SLIDESHOW: CIO Blast from the Past -- 110 Years of IBM technology
A visual tour of IBM technology from the original 1899 Moneyweight Scale to Roadrunner, the first system to break the petaflop barrier, and everything in between. How many of these systems have you used during your career in IT?
How many of these IBM systems have you seen during your career in IT?
DAYTON MONEYWEIGHT SCALE. This Dayton Moneyweight Scale dates from the early 20th century. The Moneyweight Scale Company was founded in Chicago in 1899 as a marketing arm of the Computing Scale Company of Dayton, Ohio. WF Stimpson of Detroit later formed a trust with the Computing Scale Company. This trust was called Computing Scale Company of America which changed its name to Computing-Tabulating-Recording Company in 1911 and became IBM in 1924.
FIELD REPLACEABLE UNITS 1. Methods of packaging, called Field Replaceable Units, containing a tube and other circuit components such as capacitors and resistors, significantly reduced the time to service failing machines. These pluggable units were first used in the IBM 604 Calculator in 1948.
FIELD REPLACEABLE UNITS 2. To this day, replaceable parts in IBM machines are designated as Field Replaceable Units (called " FRUs").
ELECTRIC TYPEWRITER. This is one model of the IBM Executive electric typewriter which led the industry from the 1940s for more than four decades. The machine’s many innovative features included proportional spacing, a carbon ribbon for clear imposition and a correcting ribbon.
PUNCH CARDS: EARLY STORAGE CAPACITY. Print drums such as these were used to customise punch cards during the manufacturing process. A standard box of 2000 80-column punch cards could store up to 16,000 characters.
MANUAL CARD PUNCH. Data was recorded by hand on this early card-punching machine. Later models were electrically controlled by keyboard, with automated feeding and stacking of cards.
PUNCH CARD GAUGE. Fine tolerances demanded accurate registration of the punched holes in the cards. Accuracy was periodically checked on gauges such as the one shown here.
THE SELECTRIC REVOLUTION. IBM’s Selectric typewriter, released in 1961, revolutionised the electric typewriter through the introduction of the fast and accurate “Golfball” print element, which could be interchanged for different typefaces.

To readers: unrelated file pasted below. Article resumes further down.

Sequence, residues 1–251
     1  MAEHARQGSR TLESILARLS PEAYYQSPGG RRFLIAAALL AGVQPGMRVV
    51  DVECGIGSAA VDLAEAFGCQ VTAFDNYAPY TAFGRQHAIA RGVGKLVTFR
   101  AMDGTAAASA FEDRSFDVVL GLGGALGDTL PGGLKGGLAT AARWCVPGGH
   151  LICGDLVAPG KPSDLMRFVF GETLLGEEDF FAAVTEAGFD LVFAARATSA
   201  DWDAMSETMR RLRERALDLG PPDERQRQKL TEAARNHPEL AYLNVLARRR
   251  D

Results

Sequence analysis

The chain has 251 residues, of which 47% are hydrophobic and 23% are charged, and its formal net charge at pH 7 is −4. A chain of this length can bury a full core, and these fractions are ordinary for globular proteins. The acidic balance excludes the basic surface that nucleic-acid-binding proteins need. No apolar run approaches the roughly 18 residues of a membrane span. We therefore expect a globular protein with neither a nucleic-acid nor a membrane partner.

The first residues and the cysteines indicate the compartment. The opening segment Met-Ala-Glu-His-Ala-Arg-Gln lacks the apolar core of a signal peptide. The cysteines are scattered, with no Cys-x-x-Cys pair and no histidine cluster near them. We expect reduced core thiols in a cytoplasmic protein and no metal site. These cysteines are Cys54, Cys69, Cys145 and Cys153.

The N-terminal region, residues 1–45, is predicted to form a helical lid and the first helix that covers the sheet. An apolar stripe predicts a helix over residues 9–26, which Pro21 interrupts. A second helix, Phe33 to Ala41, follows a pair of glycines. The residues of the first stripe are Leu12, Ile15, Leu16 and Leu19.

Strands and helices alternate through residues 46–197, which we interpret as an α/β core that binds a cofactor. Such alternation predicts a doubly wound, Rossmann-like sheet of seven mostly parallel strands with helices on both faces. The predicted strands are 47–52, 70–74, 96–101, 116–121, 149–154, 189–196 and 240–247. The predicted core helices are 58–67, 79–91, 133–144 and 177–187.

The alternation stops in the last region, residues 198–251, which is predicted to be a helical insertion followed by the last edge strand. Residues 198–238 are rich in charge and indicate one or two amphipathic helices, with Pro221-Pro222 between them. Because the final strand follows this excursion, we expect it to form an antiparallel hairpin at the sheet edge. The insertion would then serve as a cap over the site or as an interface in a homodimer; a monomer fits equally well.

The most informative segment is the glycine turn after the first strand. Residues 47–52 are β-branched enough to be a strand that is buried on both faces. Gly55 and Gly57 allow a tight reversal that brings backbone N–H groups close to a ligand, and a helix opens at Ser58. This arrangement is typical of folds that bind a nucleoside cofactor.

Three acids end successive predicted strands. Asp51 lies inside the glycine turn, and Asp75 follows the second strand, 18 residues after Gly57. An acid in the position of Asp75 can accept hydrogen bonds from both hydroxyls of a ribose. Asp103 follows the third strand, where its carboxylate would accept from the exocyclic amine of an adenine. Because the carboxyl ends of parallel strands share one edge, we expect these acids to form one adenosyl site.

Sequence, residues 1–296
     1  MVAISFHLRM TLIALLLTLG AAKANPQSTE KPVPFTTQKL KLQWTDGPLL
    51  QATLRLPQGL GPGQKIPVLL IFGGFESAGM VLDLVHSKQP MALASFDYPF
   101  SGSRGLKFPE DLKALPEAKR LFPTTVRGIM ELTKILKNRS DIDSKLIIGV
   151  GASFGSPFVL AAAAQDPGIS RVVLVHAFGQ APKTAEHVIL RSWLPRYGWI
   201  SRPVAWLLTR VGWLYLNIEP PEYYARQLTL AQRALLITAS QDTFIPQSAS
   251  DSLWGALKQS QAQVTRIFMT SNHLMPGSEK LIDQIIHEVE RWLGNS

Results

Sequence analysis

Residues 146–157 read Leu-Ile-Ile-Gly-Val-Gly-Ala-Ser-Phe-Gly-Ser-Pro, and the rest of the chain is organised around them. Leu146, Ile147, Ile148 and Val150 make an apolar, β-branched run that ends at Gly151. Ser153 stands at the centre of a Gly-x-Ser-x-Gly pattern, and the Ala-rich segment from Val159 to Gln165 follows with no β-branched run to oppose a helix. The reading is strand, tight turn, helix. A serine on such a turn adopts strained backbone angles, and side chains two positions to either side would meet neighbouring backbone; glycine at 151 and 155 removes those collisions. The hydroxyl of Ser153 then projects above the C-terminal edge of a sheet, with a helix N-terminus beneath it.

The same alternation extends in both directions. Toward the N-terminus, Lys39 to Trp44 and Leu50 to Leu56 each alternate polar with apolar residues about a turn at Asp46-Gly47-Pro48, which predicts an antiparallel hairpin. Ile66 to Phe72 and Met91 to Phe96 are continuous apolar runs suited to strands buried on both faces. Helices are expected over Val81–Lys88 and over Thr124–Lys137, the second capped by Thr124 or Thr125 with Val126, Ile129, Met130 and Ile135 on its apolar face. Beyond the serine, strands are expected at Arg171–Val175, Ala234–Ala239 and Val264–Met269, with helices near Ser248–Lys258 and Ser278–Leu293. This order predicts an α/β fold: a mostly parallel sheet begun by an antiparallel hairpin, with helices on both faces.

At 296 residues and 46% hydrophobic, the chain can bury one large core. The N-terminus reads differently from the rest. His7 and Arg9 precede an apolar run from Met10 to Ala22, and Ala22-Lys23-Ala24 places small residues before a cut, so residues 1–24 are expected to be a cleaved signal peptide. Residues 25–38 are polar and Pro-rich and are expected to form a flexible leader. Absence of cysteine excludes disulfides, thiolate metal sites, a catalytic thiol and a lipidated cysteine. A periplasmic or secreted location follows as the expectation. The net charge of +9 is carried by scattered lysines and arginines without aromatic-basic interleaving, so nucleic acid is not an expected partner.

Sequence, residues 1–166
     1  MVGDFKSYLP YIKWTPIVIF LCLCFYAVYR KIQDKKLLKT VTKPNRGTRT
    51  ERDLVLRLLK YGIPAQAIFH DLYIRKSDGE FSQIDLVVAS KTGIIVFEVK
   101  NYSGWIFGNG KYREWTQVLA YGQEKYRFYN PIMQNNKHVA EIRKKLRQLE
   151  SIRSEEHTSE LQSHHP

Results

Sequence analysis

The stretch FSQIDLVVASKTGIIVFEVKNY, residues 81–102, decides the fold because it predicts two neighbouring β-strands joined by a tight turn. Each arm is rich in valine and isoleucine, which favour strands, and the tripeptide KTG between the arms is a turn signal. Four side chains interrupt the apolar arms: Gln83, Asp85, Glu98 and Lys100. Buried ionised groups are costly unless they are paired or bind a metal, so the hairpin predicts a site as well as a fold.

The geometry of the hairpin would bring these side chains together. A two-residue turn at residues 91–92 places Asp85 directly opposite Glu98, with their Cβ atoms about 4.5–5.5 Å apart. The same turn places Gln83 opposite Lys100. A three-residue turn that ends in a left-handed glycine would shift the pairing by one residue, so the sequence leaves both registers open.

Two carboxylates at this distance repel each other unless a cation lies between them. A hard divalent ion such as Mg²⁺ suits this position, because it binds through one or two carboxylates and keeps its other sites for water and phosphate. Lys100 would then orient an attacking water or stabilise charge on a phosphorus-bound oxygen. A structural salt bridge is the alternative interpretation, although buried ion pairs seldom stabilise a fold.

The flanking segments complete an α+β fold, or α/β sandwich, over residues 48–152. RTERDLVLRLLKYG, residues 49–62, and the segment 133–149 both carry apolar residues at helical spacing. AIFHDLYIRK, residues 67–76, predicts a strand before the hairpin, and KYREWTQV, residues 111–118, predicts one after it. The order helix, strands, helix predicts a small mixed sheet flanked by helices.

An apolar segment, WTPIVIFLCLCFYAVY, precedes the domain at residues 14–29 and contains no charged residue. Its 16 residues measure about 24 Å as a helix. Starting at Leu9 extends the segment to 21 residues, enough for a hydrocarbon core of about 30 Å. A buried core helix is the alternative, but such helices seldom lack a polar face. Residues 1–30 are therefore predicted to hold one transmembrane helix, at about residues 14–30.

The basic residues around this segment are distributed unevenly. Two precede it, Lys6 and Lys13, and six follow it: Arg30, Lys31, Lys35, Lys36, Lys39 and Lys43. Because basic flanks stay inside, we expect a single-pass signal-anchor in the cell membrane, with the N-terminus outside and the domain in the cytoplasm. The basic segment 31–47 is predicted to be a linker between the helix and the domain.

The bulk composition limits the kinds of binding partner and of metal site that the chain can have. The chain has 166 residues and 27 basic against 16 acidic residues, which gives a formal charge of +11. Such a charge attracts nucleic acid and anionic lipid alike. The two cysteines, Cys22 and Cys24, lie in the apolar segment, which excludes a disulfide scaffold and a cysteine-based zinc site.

IBM 360/30 MAINFRAME. The console of the IBM’s 360/30 mainframe of mid 1960’s. The 360 series was the first family of computers designed to cover a wide range of applications, from small to large, both commercial and scientific. The design made a clear distinction between architecture and implementation, allowing IBM to release a suite of compatible designs at different prices.
SYSTEM 360 CORE STORAGE. The core storage show here, from a System 360, held 16,000 characters. The cores, mounted on stacked planes, constituted the largest single component on the board. The SLT cards around the core unit carried circuits which enabled information to be written in and read out.
PRINT BUFFER. An IBM System 360 print buffer
IBM S/370-145 MAINFRAME. The famous console of the IBM S/370-145 mainframe of the 1970’s. The 145 microcode architecture in the 370 simplified the addition of virtual memory, allowing the this capability to be present in early 145s without the extensive hardware modifications needed in other models.
HIGH-PERFORMANCE IBM DISK FILES. Disk files, using the thin film head introduced in 1980, have achieved read/write speeds of 3 million characters per second and can store more than 5000 million characters. On the head assembly and actuator of the IBM 3990 shown here, you can see the tiny read/write thin film heads.
MAGNETIC TAPE. Magnetic tape was introduced in the 1950s and, in a highly evolved form, is still in use. Shown is a self-loading reel and a read/write head from an earlier tape drive. Today’s cartridges can be stacked and automatically fed. Density and speed are increasingly dramatically.
THE WINCHESTER DISK. IBM set the standard for a decade from 1973 with the 3340, a removable unit containing disks and recording heads in a sealed pack. Each head could handle densities of 1.7 million bits per square inch. The heads floated on a miniscule film of air above the disk surface.